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hebrew.txt    For Vim version 8.0.  Last change: 2007 Jun 14

           VIM REFERENCE MANUAL    by Ron Aaron (and Avner Lottem)

Hebrew Language support (options & mapping) for Vim             hebrew

The supporting 'rightleft' functionality was originally created by Avner
Lottem. <alottem at gmail dot com>  Ron Aaron <ron at ronware dot org> is
currently helping support these features.

{Vi does not have any of these commands}

All this is only available when the +rightleft feature was enabled at
compile time.

Hebrew-specific options are 'hkmap', 'hkmapp' 'keymap'=hebrew and 'aleph'.
Hebrew-useful options are 'delcombine', 'allowrevins', 'revins', 'rightleft'
and 'rightleftcmd'.

The 'rightleft' mode reverses the display order, so characters are displayed
from right to left instead of the usual left to right.  This is useful
primarily when editing Hebrew or other Middle-Eastern languages.
See rileft.txt for further details.

+  Options:
   +  'rightleft' ('rl') sets window orientation to right-to-left.  This means
      that the logical text 'ABC' will be displayed as 'CBA', and will start
      drawing at the right edge of the window, not the left edge.
   +  'hkmap' ('hk') sets keyboard mapping to Hebrew, in insert/replace modes.
   +  'aleph' ('al'), numeric, holds the decimal code of Aleph, for keyboard
   +  'hkmapp' ('hkp') sets keyboard mapping to 'phonetic hebrew'

   NOTE: these three ('hkmap', 'hkmapp' and 'aleph') are obsolete.  You should
         use ":set keymap=hebrewp" instead.

   +  'delcombine' ('deco'), boolean, if editing UTF-8 encoded Hebrew, allows
      one to remove the niqud or te`amim by pressing 'x' on a character (with
      associated niqud).

   +  'rightleftcmd' ('rlc') makes the command-prompt for searches show up on
      the right side.  It only takes effect if the window is 'rightleft'.

+  Encoding:
   +  Under Unix, ISO 8859-8 encoding (Hebrew letters codes: 224-250).
   +  Under MS DOS, PC encoding (Hebrew letters codes: 128-154).
      These are defaults, that can be overridden using the 'aleph' option.
   +  You should prefer using UTF8, as it supports the combining-characters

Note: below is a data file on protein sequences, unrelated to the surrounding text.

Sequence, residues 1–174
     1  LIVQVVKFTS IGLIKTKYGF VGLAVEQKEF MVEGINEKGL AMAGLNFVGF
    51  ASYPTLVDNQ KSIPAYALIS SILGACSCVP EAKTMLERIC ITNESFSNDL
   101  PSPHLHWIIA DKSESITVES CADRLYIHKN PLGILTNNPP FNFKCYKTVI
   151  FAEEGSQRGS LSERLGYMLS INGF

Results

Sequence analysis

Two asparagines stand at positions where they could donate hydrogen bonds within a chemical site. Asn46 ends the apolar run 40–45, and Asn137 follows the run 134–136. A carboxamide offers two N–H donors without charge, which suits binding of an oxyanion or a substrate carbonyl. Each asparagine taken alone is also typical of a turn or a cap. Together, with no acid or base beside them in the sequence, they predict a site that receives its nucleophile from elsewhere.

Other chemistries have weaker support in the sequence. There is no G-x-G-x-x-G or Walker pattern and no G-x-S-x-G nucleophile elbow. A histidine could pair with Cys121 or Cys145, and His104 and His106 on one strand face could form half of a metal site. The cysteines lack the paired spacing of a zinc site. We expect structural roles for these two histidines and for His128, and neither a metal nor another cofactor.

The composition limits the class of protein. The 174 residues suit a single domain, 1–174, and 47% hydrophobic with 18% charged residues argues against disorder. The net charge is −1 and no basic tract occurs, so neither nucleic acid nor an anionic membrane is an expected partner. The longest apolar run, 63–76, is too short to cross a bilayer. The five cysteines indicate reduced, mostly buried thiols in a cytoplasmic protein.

('deco' does nothing if UTF8 encoding is not active).

+  Vim arguments:
   +  'vim -H file' starts editing a Hebrew file, i.e. 'rightleft' and 'hkmap'
      are set.

+  Keyboard:
   +  The 'allowrevins' option enables the CTRL-_ command in Insert mode and
      in Command-line mode.

   +  CTRL-_ in insert/replace modes toggles 'revins' and 'hkmap' as follows:

      When in rightleft window, 'revins' and 'nohkmap' are toggled, since
      English will likely be inserted in this case.

      When in norightleft window, 'revins' 'hkmap' are toggled, since Hebrew
      will likely be inserted in this case.

      CTRL-_ moves the cursor to the end of the typed text.

   +  CTRL-_ in command mode only toggles keyboard mapping (see Bugs below).
      This setting is independent of 'hkmap' option, which only applies to
      insert/replace mode.

      Note: On some keyboards, CTRL-_ is mapped to CTRL-?.

   +  Keyboard mapping while 'hkmap' is set (standard Israeli keyboard):

        q w e r t y u i o p
        / ' ק ר א ט ו ן ם פ

         a s d f g h j k l ; '
         ש ד ג כ ע י ח ל ך ף ,

          z x c v b n m , . /
          ז ס ב ה נ מ צ ת ץ .

      This is also the keymap when 'keymap=hebrew' is set.  The advantage of
      'keymap' is that it works properly when using UTF8, e.g. it inserts the
      correct characters; 'hkmap' does not.  The 'keymap' keyboard can also
      insert niqud and te`amim.  To see what those mappings are, look at the
      keymap file 'hebrew.vim' etc.

Typing backwards

If the 'revins' (reverse insert) option is set, inserting happens backwards.
This can be used to type Hebrew.  When inserting characters the cursor is not
moved and the text moves rightwards.  A <BS> deletes the character under the
cursor.  CTRL-W and CTRL-U also work in the opposite direction.  <BS>, CTRL-W
and CTRL-U do not stop at the start of insert or end of line, no matter how
the 'backspace' option is set.

There is no reverse replace mode (yet).

If the 'showmode' option is set, "-- REVERSE INSERT --" will be shown in the
status line when reverse Insert mode is active.

When the 'allowrevins' option is set, reverse Insert mode can be also entered
via CTRL-_, which has some extra functionality: First, keyboard mapping is
changed according to the window orientation -- if in a left-to-right window,
'revins' is used to enter Hebrew text, so the keyboard changes to Hebrew
('hkmap' is set); if in a right-to-left window, 'revins' is used to enter
English text, so the keyboard changes to English ('hkmap' is reset).  Second,
when exiting 'revins' via CTRL-_, the cursor moves to the end of the typed
text (if possible).

Pasting when in a rightleft window
When cutting text with the mouse and pasting it in a rightleft window
the text will be reversed, because the characters come from the cut buffer
from the left to the right, while inserted in the file from the right to
the left.   In order to avoid it, toggle 'revins' (by typing CTRL-? or CTRL-_)
before pasting.

Hebrew characters and the 'isprint' variable
Sometimes Hebrew character codes are in the non-printable range defined by
the 'isprint' variable.  For example in the Linux console, the Hebrew font
encoding starts from 128, while the default 'isprint' variable is @,161-255.
The result is that all Hebrew characters are displayed as ~x.  To solve this
problem, set isprint=@,128-255.


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